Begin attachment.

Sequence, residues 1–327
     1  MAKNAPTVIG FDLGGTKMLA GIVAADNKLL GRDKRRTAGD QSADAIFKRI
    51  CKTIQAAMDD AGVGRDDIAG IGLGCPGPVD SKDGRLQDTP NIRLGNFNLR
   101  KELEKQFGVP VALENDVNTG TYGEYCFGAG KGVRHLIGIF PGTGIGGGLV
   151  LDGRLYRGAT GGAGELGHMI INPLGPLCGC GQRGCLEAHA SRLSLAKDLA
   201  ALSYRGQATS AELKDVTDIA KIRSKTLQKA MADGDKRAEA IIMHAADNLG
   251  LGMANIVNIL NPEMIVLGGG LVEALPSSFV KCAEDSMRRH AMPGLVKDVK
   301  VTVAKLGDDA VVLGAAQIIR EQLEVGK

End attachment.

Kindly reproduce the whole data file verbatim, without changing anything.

Sequence, residues 1–327
     1  MAKNAPTVIG FDLGGTKMLA GIVAADNKLL GRDKRRTAGD QSADAIFKRI
    51  CKTIQAAMDD AGVGRDDIAG IGLGCPGPVD SKDGRLQDTP NIRLGNFNLR
   101  KELEKQFGVP VALENDVNTG TYGEYCFGAG KGVRHLIGIF PGTGIGGGLV
   151  LDGRLYRGAT GGAGELGHMI INPLGPLCGC GQRGCLEAHA SRLSLAKDLA
   201  ALSYRGQATS AELKDVTDIA KIRSKTLQKA MADGDKRAEA IIMHAADNLG
   251  LGMANIVNIL NPEMIVLGGG LVEALPSSFV KCAEDSMRRH AMPGLVKDVK
   301  VTVAKLGDDA VVLGAAQIIR EQLEVGK